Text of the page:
States Have a Grisly Plan for Grizzly Bears

By on May 5, 2016 with 4 Comments By Wayne Pacelle

Last night, I participated in a two-on-two debate about trophy hunting on the popular program “Intelligence Squared,” with the live audience rejecting the resolution that hunting promotes conservation. So much of the discussion turned on the escapades of globe-trotting trophy hunters who slay the world’s rarest animals, yet claim somehow that they are doing a favor to wildlife. It’s a case again of how people bent on hurting animals strain to assign a social benefit to their actions in order to confuse the public, obscure their motives, and thwart our efforts to drive humane reform.

We have our own trophy hunting controversy revving up in the United States that may rival the killing of Cecil the lion in generating public disapproval and disgust. The U.S. Fish and Wildlife Service (FWS) has proposed removing federal protections for grizzly bears in the Greater Yellowstone Ecosystem under the Endangered Species Act (ESA) and state wildlife agencies in the area are poised to unleash trophy hunters to kill North America’s biggest predators – not for food or management, but for bragging rights.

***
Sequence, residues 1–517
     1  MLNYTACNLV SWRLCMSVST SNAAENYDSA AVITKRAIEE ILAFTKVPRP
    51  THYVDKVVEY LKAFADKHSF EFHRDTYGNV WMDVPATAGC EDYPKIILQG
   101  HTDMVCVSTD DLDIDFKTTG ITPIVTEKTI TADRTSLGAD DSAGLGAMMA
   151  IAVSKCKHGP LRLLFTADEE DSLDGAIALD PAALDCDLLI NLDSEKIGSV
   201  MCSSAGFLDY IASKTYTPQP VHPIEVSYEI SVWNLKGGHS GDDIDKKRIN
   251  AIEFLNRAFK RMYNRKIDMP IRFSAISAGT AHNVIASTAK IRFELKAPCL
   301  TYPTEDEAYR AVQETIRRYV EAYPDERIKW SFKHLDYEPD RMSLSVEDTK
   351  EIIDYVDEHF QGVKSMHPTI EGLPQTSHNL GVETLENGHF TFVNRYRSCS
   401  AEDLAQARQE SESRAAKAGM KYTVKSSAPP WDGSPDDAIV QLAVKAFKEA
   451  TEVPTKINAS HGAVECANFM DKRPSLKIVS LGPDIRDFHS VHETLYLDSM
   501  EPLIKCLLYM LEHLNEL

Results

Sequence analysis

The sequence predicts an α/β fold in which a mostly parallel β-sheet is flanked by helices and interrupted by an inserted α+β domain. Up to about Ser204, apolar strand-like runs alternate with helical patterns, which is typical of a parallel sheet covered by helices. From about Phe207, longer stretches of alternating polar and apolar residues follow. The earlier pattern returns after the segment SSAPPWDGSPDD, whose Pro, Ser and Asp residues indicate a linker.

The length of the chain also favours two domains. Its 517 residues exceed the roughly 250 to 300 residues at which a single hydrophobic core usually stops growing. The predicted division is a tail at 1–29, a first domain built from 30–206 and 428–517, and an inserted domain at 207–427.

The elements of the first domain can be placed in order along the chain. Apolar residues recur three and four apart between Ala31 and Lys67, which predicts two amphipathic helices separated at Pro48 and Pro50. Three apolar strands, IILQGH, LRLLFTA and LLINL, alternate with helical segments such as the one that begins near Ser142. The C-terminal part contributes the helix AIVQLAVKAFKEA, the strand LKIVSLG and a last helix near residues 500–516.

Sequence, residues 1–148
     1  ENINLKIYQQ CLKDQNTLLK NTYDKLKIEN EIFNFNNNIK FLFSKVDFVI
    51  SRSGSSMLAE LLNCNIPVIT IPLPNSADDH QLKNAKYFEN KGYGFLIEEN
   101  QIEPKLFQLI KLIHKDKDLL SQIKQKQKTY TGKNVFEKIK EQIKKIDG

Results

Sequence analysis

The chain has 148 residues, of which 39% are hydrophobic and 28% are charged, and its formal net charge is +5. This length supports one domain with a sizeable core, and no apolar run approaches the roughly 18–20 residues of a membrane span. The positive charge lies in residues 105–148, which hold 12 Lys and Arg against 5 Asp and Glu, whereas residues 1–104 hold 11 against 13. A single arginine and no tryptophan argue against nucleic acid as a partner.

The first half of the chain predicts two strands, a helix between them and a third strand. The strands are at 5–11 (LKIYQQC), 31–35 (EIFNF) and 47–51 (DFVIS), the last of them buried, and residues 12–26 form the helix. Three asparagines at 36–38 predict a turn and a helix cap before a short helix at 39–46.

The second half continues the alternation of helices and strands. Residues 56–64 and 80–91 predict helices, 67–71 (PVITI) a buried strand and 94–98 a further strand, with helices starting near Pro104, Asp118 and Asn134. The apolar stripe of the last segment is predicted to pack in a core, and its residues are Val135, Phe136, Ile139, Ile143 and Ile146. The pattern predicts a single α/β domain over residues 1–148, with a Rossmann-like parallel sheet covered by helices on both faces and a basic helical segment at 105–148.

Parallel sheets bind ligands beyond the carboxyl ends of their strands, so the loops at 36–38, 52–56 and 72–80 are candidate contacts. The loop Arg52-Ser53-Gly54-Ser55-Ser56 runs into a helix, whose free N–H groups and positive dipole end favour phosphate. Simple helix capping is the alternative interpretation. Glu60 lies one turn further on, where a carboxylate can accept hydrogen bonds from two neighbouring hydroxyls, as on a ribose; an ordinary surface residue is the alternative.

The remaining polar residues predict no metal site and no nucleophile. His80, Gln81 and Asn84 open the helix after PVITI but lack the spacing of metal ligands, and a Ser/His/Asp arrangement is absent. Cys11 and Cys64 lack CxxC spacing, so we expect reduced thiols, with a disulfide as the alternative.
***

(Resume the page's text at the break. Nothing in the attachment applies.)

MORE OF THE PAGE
This week, Dr. Jane Goodall and 58 other prominent scientists submitted a letter to FWS denouncing the plan. The letter questions the FWS finding that the grizzly bear population in the area has achieved long-term viability and stability. “There is far too much uncertainty reflected in the current science to justify such a conclusion; rather, the best available science and the precautionary principle demands continued federal monitoring of this vulnerable population, which will only happen with continued ESA protection,” they stated.

Yellowstone’s grizzly bears are in the news right now, after FWS revealed that Scarface, an older bear who has been called one of the park’s most famous grizzlies, was shot and killed outside the park last November. FWS is investigating that shooting because the bears are still protected under the ESA. But if the new proposal goes through, it could be open season on dozens of bears, including the world famous grizzly 399. These animals, much beloved characters in the natural drama that is Yellowstone, can find themselves in the gunsights of trophy hunters seeking a wall mount or rug in their homes, as the animals stray beyond a national park boundary invisible to them.